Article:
One TON of ivory confiscated from illegal dealers crushed to dust in the middle of Times Square
- Category: News
- 30 June 2015
More than a ton of ivory confiscated from New York and Philadelphia was crushed in Times Square on Friday to show intolerance for elephant poaching and the illegal ivory trade.
The event demonstrated the urgency for stopping the criminal trade, which is killing elephants faster than the animals are reproducing, imperiling their populations, the US Fish and Wildlife Service said.
Roughly 907 kilograms of the elaborately carved ivory, some of it still in the form of an elephant's tusk, was on display on a table in Manhattan's Times Square.
Officials held it up dozens of statues piece by piece, then placed them on a conveyor belt that fed into an enormous mechanical crusher, where they was pulverized into dust.
The US Fish and Wildlife Service orchestrated an event in Manhattan's Times Square on Friday where dozens of ivory statues were crushed as a statement against elephant poaching and illegal trade of their tusks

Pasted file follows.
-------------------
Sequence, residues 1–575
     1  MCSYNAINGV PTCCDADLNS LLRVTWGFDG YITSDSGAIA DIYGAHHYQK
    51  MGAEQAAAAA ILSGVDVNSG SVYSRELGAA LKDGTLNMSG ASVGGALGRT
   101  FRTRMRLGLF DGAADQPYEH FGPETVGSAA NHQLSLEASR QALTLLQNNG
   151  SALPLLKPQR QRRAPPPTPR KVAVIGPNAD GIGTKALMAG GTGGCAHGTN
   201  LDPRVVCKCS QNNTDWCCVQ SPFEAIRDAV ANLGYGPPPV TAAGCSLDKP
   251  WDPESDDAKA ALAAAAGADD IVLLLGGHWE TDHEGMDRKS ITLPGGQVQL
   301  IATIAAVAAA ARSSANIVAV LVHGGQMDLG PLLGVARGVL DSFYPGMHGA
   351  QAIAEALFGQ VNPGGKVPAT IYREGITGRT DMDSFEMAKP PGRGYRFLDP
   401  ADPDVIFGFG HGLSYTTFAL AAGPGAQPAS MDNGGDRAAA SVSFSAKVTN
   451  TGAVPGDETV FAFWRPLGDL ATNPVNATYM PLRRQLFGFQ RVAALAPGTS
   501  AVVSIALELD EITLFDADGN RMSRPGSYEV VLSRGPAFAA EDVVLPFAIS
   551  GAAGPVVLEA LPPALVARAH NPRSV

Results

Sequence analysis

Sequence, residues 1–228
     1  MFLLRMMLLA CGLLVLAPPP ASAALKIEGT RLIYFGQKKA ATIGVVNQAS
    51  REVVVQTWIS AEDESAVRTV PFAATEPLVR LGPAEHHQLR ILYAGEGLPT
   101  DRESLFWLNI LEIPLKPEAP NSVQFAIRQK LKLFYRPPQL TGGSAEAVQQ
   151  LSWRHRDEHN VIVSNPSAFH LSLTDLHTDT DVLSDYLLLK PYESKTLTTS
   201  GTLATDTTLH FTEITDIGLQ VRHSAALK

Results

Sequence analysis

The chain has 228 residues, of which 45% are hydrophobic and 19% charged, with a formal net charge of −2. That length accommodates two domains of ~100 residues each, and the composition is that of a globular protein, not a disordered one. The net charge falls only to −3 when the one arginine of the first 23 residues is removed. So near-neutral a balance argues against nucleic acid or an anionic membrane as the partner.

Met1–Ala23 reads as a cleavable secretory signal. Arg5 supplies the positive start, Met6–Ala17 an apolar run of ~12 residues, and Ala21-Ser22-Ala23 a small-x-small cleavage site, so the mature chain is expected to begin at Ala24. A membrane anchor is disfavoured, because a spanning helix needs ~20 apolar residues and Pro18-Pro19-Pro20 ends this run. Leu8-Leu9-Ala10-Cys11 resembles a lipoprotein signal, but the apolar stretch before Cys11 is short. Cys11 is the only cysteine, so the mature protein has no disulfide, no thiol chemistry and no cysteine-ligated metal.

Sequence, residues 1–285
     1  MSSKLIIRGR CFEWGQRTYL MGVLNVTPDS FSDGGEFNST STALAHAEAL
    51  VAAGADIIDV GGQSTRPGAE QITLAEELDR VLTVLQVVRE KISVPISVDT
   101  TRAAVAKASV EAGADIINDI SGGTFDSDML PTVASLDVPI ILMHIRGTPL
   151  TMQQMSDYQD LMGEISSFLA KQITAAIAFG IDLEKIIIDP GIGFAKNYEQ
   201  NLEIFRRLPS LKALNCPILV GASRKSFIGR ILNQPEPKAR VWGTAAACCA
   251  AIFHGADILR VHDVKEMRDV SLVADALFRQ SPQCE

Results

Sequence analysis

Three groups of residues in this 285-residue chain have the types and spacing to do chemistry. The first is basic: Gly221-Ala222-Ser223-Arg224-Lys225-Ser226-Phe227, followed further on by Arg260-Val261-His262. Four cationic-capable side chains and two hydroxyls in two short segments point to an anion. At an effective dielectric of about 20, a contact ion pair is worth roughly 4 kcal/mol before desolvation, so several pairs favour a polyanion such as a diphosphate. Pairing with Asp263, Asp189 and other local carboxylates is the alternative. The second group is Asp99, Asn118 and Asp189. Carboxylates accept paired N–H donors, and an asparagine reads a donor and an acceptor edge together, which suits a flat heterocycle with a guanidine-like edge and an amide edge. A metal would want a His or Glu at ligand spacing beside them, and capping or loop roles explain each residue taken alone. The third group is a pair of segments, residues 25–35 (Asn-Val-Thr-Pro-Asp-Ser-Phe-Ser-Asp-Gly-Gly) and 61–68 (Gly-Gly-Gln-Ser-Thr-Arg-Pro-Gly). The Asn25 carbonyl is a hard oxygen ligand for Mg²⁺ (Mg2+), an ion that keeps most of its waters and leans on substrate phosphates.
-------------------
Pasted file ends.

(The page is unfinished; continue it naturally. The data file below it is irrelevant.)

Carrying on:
The statues and other carvings, confiscated from dealers in New York and Philadelphia, were loaded on to a conveyor belt that crushed the artworks into dust
The ivory crush came the same week that the government of Tanzania announced that the country had lost half of its elephants in the last five years and now only has 43,000 left
'This is an illegal product and we feel that burning it or destroying it gets it out of commercial use and, therefore, there's less of a chance for it to find its way into the marketplace,' said Wildlife Conservation Society spokesman John Calvelli.
'It makes it really clear that it will never be used again.'
The ivory was confiscated from dealers and retailers in New York City and Philadelphia.
About 35,000 elephants are killed in Africa every year for their ivory, according to the Wildlife Service, which organized the event in partnership with the Wildlife Conservation Society.
More than 100,000 were killed between 2011 and 2014, according to the Guardian.
The greatest losses have come in the African countries of Tanzania and Mozambique, which have some of highest number of elephants but have both seen their populations decrease by half in the last five years.